Rosie O’Donnell says she almost died from the heart attack she suffered in August because she ignored the symptoms and did not seek immediate medical help.
O’Donnell, 50, is now speaking out about her heart emergency in an effort to help women who may experience the same symptoms and, like her, ignore them at great risk to their lives.
“I’m just lucky that I survived it, truthfully,” O’Donnell said last week, in an interview on a local TV station in Philadelphia. “I waited more than 24 hours to go to the doctor, because I kept thinking, ‘This can’t be a heart attack. A heart attack would feel like Mike Tyson punched you in the chest, right?’ No, it felt like the flu,” she said, according to this story.
The comedian and former talk-show host went into even greater detail about her ordeal when she sat down with Dr. Mehmet Oz, the New York cardiologist who hosts “The Dr. Oz Show”.
“It’s a very soulful conversation, very emotional,” Oz said on Monday when he talked to a group of reporters in a telephone news conference conducted to promote the O’Donnell interview, which is set to air Thursday on his show (check local listings). “She talks about how she almost died because she ignored these [symptoms] — shortness of breath, dizziness, nausea – all this stuff. And then one of her kids was saying, ‘You look like you’re a ghost. You’re so pale …’ She was putting ice packs on herself to cool herself down and she was trying to reconcile all these crazy symptoms.
“And in the middle of all that, there’s a whispering voice that says, ‘Take an aspirin,’ because she was in [an aspirin] commercial when she was a kid. And she took the aspirin and, in the course, of our interview it became very emotional when she talked about how she ignored these [symptoms], what that meant about how she viewed her life.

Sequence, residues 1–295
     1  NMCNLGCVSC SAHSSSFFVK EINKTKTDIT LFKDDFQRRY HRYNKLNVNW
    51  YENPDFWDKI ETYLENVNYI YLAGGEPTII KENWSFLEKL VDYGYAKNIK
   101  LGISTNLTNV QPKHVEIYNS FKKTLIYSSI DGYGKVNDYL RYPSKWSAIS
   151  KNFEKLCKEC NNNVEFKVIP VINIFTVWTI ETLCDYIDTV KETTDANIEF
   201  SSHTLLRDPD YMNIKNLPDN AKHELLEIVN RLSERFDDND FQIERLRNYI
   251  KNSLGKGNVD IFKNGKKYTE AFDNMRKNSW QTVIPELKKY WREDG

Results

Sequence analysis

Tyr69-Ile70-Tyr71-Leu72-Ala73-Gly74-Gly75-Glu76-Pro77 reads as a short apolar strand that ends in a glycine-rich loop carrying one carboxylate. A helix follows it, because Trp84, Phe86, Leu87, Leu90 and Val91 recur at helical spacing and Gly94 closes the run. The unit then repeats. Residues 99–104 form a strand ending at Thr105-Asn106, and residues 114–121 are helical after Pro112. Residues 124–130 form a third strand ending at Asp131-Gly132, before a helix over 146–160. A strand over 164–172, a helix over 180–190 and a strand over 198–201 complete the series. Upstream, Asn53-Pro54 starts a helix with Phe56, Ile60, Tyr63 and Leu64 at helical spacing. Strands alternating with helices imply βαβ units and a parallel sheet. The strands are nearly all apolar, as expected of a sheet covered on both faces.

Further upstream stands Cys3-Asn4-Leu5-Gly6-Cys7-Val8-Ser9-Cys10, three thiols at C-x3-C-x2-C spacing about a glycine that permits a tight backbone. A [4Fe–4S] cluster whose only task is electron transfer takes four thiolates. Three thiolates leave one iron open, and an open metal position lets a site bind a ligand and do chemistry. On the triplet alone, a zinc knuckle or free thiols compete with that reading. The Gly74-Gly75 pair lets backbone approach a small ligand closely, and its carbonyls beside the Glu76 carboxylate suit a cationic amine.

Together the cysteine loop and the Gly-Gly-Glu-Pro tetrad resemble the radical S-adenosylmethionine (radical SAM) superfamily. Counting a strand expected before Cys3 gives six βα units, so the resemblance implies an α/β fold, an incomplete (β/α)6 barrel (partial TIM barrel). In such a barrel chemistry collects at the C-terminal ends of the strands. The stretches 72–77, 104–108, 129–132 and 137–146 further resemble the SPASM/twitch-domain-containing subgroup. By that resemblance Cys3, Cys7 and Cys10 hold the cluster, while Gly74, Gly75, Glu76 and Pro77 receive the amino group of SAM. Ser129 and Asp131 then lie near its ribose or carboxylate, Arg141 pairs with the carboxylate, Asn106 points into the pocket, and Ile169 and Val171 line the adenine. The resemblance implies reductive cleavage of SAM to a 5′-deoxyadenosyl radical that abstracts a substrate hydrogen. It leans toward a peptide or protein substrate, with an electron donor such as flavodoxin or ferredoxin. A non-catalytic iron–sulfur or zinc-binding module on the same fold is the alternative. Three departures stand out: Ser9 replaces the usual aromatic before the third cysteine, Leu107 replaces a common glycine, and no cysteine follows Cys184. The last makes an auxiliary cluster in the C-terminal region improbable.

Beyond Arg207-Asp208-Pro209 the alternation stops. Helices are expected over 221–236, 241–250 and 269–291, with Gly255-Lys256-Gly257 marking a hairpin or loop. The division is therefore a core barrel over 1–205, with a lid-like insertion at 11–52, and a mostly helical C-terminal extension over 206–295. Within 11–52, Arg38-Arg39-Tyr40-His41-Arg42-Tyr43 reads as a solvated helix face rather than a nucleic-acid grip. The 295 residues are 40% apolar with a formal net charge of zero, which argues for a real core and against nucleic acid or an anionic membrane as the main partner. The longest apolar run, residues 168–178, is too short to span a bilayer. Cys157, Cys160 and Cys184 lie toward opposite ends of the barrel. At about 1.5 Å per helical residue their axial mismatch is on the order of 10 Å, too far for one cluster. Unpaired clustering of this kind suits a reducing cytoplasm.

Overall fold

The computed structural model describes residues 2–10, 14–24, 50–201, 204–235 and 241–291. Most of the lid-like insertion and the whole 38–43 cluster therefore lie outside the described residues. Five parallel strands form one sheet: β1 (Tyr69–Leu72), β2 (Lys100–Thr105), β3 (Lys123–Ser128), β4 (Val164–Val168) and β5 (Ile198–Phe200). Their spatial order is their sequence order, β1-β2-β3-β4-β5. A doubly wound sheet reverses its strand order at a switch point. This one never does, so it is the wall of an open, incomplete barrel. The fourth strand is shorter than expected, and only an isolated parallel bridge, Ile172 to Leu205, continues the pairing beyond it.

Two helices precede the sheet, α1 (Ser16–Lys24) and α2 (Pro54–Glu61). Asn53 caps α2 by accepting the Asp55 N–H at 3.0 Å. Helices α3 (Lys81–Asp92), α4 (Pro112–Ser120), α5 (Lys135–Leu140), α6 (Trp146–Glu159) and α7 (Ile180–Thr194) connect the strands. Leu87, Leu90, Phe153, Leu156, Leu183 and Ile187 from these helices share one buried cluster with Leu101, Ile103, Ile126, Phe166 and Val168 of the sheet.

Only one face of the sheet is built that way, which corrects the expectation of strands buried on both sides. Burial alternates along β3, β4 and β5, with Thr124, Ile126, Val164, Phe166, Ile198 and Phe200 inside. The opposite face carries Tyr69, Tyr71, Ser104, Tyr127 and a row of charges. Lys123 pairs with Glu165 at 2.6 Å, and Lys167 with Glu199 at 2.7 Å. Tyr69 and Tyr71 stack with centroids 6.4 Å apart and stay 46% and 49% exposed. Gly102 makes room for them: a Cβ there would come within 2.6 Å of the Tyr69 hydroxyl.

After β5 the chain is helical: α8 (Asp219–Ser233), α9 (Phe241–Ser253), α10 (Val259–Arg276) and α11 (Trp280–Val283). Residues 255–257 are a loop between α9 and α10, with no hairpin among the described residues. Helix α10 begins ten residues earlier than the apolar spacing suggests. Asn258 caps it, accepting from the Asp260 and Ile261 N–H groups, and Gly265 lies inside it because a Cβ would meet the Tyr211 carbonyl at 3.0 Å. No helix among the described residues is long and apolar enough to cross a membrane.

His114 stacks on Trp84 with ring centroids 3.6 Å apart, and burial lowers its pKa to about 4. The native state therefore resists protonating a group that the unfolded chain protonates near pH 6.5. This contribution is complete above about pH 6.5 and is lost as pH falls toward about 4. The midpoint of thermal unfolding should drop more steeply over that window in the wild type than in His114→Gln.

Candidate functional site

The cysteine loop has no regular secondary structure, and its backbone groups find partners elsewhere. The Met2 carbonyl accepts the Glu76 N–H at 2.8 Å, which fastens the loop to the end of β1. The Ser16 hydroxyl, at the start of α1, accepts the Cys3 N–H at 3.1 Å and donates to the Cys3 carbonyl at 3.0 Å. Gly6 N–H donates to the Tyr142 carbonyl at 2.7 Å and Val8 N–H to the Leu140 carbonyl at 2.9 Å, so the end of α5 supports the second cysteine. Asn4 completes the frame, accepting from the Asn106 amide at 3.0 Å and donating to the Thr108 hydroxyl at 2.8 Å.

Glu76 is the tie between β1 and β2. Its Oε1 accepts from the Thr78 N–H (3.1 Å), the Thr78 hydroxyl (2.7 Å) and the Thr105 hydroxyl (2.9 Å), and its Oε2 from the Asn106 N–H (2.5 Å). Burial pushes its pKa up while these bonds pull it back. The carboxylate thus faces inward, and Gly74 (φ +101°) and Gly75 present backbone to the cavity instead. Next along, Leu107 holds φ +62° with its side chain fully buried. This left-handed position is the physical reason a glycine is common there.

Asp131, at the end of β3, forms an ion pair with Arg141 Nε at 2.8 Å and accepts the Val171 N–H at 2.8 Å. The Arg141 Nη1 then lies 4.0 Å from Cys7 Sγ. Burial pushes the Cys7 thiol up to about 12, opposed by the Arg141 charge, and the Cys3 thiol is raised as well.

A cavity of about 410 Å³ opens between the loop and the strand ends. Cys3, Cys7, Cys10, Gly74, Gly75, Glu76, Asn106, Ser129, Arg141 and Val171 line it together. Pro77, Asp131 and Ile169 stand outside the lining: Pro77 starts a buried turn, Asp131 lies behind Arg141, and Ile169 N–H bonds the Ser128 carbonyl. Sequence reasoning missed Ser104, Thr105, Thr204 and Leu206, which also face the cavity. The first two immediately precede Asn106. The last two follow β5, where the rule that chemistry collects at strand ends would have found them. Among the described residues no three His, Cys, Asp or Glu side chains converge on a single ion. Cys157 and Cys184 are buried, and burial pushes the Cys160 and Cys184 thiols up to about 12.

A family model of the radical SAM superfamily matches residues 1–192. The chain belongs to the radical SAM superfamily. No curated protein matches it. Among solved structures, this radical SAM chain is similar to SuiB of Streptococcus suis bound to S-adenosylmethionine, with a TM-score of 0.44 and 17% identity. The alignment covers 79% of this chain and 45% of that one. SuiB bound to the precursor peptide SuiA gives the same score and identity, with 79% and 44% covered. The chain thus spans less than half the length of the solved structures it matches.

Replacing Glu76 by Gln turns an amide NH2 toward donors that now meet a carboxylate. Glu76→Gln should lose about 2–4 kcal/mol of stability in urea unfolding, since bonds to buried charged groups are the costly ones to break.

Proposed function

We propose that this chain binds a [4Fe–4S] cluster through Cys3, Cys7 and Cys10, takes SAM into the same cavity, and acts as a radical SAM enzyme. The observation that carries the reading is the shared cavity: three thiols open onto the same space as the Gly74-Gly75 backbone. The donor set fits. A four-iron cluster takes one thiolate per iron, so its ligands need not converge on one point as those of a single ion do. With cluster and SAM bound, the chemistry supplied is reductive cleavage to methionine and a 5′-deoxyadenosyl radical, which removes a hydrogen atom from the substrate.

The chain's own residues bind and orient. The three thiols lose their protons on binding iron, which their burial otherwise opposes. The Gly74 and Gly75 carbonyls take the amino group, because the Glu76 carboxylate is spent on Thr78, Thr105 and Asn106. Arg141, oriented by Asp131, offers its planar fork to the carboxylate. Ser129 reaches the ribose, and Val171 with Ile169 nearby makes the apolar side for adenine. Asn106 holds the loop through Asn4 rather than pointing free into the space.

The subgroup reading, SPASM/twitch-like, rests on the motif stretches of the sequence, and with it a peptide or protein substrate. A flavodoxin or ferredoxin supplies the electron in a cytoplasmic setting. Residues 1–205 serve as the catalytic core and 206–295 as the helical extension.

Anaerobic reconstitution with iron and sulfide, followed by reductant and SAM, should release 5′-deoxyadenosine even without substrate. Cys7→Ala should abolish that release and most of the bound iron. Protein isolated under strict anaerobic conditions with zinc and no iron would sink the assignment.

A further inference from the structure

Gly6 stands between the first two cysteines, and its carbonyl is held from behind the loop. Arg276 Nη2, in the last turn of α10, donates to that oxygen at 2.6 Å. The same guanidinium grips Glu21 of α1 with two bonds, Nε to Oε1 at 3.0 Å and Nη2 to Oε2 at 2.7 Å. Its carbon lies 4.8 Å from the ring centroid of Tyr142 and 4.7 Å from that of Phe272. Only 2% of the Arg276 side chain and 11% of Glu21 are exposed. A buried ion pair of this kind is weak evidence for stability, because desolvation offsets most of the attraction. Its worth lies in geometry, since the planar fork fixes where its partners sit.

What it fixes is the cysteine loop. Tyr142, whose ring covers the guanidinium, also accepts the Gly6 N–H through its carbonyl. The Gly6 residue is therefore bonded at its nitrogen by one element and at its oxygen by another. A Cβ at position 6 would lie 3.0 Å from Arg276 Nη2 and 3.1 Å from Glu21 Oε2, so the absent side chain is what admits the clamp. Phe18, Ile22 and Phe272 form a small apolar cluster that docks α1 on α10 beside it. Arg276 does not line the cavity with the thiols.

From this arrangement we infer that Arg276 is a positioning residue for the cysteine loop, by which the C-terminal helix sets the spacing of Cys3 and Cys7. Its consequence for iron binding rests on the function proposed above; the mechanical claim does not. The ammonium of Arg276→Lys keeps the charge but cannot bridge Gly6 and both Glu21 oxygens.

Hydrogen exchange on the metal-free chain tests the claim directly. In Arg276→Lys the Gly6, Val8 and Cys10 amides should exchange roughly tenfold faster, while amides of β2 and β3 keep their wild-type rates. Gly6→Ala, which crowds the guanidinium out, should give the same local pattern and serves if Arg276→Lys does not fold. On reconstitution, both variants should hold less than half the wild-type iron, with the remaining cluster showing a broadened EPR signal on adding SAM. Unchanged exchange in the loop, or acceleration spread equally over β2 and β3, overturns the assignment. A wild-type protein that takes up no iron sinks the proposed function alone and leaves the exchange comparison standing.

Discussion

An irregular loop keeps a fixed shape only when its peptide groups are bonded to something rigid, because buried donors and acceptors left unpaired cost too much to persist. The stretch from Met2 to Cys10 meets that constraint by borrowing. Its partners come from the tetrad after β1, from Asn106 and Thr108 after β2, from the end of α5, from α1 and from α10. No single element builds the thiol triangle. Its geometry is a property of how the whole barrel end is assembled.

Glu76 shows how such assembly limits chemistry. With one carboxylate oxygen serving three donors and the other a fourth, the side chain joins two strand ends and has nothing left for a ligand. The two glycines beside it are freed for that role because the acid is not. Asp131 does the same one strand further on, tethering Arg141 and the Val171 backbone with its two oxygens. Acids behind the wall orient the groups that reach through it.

“She ignored them because she didn’t want to bother the family with having to deal with her issues,” Dr. Oz said.
On the show, Rosie reveals what happened when she finally went to the hospital. “She went to the hospital with a pretty typical set of signs and was evaluated and immediately diagnosed as having a heart attack,” Dr. Oz said. “So she was actually in the throes of having a heart attack. She was rushed to the angiogram suite where they take pictures of what the muscles look like and in the course of that she was identified [as having] something called a ‘widowmaker’ lesion.”
She then had an arterial stent installed “to open up that blocked area. And we go through that in great detail on the show,” Dr. Oz said. “We actually have the images. I’m going to show everybody exactly what happened [and] why this picture looks so alarming to us.”
“Rosie’s a very insightful person,” Dr. Oz said. “And the reason she decided to come out and talk about this heart thing was with an earnest desire to help people not die. … [O'Donnell today] is the face of heart disease for women in America and she will probably be for the rest of her life. Sometimes these moments occur that provide an obvious teachable moment and this is it.”
Check local listings for “The Dr. Oz Show.”